Thursday, March 11, 2010


A common question, and one that came up recently, is this: can a business owner collect UI benefits once the business is over. There is some law on this but I found one case that basically illustrates the rules and requirements for a business owner to collect:

"MENKOV v. COMM'R. OF LABOR, 62 A.D.3d 1193, 882 N.Y.S.2d 315 [3d Dept 2009]:

Appeal from a decision of the Unemployment Insurance Appeal Board, filed December 28, 2007, which, among other things, ruled that claimant was ineligible to receive unemployment insurance benefits because she was not totally unemployed.

Before: Mercure, J.P., Rose, Malone Jr., Stein and Garry, JJ., concur.

Claimant was the sole owner and officer of Danam Computer Services, Inc., which was created in 1996 to further her work as a computer consultant. In 2003, claimant made the decision to dissolve Danam and look for other employment. Claimant did not actually dissolve Danam until 2006, however, and completed additional projects through it from 2003 to 2005. Nevertheless, claimant applied for and received unemployment insurance benefits for two periods in 2003 and 2004. The Unemployment Insurance Appeal Board concluded that claimant was not totally unemployed and was ineligible to receive unemployment insurance benefits for either period. The Board further concluded that she made willful misrepresentations to obtain benefits and charged her with a recoverable overpayment pursuant to Labor Law § 597 (4). Claimant appeals.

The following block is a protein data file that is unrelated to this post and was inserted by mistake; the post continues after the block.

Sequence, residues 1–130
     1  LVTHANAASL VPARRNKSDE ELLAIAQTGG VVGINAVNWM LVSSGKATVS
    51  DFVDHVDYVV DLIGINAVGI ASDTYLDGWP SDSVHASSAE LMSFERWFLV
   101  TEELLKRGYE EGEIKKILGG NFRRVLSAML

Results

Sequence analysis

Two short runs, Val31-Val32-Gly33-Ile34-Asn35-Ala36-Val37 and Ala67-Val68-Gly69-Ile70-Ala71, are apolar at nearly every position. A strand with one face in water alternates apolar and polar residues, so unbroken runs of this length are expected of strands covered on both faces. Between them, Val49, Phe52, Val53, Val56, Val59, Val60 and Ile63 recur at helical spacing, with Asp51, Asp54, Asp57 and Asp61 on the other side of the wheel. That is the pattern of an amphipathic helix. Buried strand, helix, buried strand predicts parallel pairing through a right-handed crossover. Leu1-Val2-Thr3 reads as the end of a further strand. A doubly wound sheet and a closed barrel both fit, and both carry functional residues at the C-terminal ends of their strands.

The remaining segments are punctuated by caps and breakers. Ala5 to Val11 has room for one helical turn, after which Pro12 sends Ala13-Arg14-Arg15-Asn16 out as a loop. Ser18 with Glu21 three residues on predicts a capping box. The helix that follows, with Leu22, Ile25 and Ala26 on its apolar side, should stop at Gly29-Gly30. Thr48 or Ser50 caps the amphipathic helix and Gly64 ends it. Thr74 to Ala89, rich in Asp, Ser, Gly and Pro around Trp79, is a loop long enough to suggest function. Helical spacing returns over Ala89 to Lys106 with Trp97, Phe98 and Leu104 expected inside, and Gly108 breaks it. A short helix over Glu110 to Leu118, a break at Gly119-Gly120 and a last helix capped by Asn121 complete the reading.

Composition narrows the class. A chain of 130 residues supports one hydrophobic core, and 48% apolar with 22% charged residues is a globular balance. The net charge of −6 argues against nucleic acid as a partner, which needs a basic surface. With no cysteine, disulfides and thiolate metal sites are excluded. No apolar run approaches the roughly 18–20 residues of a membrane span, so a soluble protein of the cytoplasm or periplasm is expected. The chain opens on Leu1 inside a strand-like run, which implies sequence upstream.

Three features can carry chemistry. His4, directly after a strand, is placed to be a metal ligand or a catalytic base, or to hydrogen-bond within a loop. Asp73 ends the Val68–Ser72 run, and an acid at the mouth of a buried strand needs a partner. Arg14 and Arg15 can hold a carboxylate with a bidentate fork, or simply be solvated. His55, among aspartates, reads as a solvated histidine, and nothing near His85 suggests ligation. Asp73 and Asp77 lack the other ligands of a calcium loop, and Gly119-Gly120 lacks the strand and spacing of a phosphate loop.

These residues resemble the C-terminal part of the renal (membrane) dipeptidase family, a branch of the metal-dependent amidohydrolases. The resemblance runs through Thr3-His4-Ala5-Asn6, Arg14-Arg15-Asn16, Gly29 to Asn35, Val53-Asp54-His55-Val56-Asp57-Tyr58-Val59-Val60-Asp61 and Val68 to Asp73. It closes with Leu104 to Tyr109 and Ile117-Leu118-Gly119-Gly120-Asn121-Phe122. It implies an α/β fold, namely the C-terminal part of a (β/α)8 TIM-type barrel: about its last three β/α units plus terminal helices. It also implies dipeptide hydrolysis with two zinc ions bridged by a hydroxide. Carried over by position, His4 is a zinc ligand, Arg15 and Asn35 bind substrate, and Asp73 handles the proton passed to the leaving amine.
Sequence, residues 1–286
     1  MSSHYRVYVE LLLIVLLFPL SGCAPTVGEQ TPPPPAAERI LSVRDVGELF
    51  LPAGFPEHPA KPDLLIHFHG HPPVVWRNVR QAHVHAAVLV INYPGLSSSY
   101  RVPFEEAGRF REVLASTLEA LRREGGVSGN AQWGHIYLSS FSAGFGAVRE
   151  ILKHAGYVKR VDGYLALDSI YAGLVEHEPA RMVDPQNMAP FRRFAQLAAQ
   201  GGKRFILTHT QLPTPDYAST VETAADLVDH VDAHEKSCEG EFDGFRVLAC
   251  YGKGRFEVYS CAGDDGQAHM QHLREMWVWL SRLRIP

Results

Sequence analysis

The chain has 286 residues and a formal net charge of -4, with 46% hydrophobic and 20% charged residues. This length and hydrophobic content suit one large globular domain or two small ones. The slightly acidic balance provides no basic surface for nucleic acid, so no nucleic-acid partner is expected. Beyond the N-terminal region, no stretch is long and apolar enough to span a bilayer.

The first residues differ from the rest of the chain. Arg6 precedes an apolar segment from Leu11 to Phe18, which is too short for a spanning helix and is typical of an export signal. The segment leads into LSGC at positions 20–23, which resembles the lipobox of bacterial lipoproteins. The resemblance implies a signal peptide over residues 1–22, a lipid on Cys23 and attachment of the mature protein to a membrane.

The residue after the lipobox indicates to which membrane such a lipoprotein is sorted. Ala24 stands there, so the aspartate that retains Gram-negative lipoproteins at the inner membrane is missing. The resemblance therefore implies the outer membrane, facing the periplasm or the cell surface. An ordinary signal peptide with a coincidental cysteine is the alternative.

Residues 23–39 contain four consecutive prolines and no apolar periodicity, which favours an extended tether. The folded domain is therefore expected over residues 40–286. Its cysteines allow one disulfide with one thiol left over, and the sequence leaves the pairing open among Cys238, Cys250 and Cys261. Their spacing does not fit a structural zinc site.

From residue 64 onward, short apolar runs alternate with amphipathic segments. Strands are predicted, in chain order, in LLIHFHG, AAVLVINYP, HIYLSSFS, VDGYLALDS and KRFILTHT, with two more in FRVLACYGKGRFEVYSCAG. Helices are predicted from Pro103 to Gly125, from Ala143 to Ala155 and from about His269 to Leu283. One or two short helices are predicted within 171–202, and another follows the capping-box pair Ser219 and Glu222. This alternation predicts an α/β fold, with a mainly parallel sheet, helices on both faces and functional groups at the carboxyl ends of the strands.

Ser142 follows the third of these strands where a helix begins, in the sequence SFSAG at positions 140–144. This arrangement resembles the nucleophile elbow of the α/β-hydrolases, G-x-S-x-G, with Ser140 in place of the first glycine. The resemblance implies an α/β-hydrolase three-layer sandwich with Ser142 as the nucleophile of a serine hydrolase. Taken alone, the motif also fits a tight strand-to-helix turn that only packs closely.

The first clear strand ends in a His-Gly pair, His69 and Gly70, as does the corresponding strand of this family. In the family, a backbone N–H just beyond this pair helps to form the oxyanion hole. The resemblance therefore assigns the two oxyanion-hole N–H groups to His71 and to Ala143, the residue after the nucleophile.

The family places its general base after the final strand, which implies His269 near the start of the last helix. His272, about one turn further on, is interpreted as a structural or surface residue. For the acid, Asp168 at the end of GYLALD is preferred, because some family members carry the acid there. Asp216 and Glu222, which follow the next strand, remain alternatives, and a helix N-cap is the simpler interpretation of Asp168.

"It is well settled that a principal of a corporation who performs activities on its behalf, even if minimal, will not be considered to be totally unemployed if such individual stands to benefit financially from the corporation's continued existence" (Matter of Ellison [Commissioner of Labor], 57 AD3d 1194, 1194 [2008] [citations omitted]; see Matter of Thomas [Commissioner of Labor], 58 AD3d 1099, 1099-1100 [ 2009]). Here, claimant did benefit financially from Danam given the projects she performed through it during the period in question. Moreover, she was a signatory to Danam's checking account and signed checks on its behalf for a variety of purposes, including for the purpose of repaying alleged loans made by her to Danam, for medical insurance expenses and as reimbursement for business expenses. Given the foregoing, substantial evidence supports the Board's conclusion that claimant was not totally unemployed (see Matter of Chirico [Commissioner of Labor], 49 AD3d 1104, 1105 [2008]). Substantial evidence also supports the Board's determination that claimant is liable for recoverable overpayments, particularly given her false representation on both applications that she was not a corporate officer (see Matter of Wood [Commissioner of Labor], 43 AD3d 593, 594[2007]).

Ordered that the decision is affirmed, without costs."

It would thus appear that a complete liquidation and legal dissolution of the business is required.

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